'(c) In failing to keep a proper lookout, or at all, for other lawful users of the highway.
'(d) In failing to keep the windshield of said automobile clear and in such condition as to afford him a clear view ahead.
'(e) In operating said vehicle without a device in good working order for cleaning and [the] exterior portion of the windshield over a sufficient area thereof and in a satisfactory manner to afford said defendant [appellant] a clear view ahead.
'(f) In failing to keep said vehicle under control.
'(g) In failing to do anything to avoid an accident when with the exercise of reasonable care the defendant could and should have avoided colliding with plaintiff's [respondent's] automobile.
'(h) In operating said vehicle while defendant's drivers license was suspended or without any drivers license at all.'

By a trial amendment, respondent set up, as an additional ground of negligence on the part of the appellants, the alleged fact that just prior to the collision the appellant driver had overtaken another vehicle proceeding in the same direction toward the intersection and had passed the overtaken vehicle on the right-hand side thereof.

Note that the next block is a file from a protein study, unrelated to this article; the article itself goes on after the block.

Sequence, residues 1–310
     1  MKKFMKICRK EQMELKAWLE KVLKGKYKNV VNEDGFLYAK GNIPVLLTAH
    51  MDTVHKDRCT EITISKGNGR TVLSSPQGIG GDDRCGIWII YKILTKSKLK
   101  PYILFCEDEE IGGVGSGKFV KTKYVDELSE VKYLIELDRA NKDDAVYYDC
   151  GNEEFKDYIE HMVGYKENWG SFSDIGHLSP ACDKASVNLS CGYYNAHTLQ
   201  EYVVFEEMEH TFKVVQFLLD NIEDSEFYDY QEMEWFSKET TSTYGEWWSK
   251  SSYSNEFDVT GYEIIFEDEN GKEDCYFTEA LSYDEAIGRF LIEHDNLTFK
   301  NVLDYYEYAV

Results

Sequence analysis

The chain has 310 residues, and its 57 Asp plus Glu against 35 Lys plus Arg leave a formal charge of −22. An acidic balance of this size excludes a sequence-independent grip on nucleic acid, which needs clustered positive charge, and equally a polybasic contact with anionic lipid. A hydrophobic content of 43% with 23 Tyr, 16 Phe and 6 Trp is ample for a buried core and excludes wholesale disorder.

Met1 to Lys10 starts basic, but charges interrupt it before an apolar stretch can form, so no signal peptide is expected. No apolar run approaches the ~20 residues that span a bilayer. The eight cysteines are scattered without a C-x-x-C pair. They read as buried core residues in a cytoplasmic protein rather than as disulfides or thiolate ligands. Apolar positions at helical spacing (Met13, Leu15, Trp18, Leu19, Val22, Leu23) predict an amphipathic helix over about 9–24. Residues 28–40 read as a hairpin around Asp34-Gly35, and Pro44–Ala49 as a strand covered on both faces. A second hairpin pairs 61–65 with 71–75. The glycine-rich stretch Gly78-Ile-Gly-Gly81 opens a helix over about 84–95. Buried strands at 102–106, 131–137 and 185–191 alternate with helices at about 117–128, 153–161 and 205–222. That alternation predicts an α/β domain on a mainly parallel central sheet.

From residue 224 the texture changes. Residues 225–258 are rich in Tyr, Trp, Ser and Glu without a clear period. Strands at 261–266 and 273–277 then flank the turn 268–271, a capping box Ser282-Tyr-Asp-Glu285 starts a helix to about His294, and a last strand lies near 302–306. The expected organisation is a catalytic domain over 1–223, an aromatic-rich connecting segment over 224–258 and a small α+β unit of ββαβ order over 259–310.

Appellants, in turn, alleged in their cross-complaint that the collision was caused by respondent's negligence in the following respects:

'(1) In making a left-hand turn in front of the defendants' [appellants'] automobile at a time when the same was so close that a collision was inevitable; (2) failing to yield the right-of-way to the defendants, when the defendants were entitled to the right-of-way; (3) in failing to give any signal for a left-hand turn; (4) in cutting the corner in making the turn without proceeding to a proper turning place on said Aurora Ave.; (5) in failing to keep a proper lookout, if any lookout at all, for other persons lawfully using said highway; (6) in failing to keep said automobile under control; (7) in failing to do anything to avoid an accident when, with the exercise of reasonable care, the plaintiff [respondent] could and should have avoided colliding with the defendants' automobile.'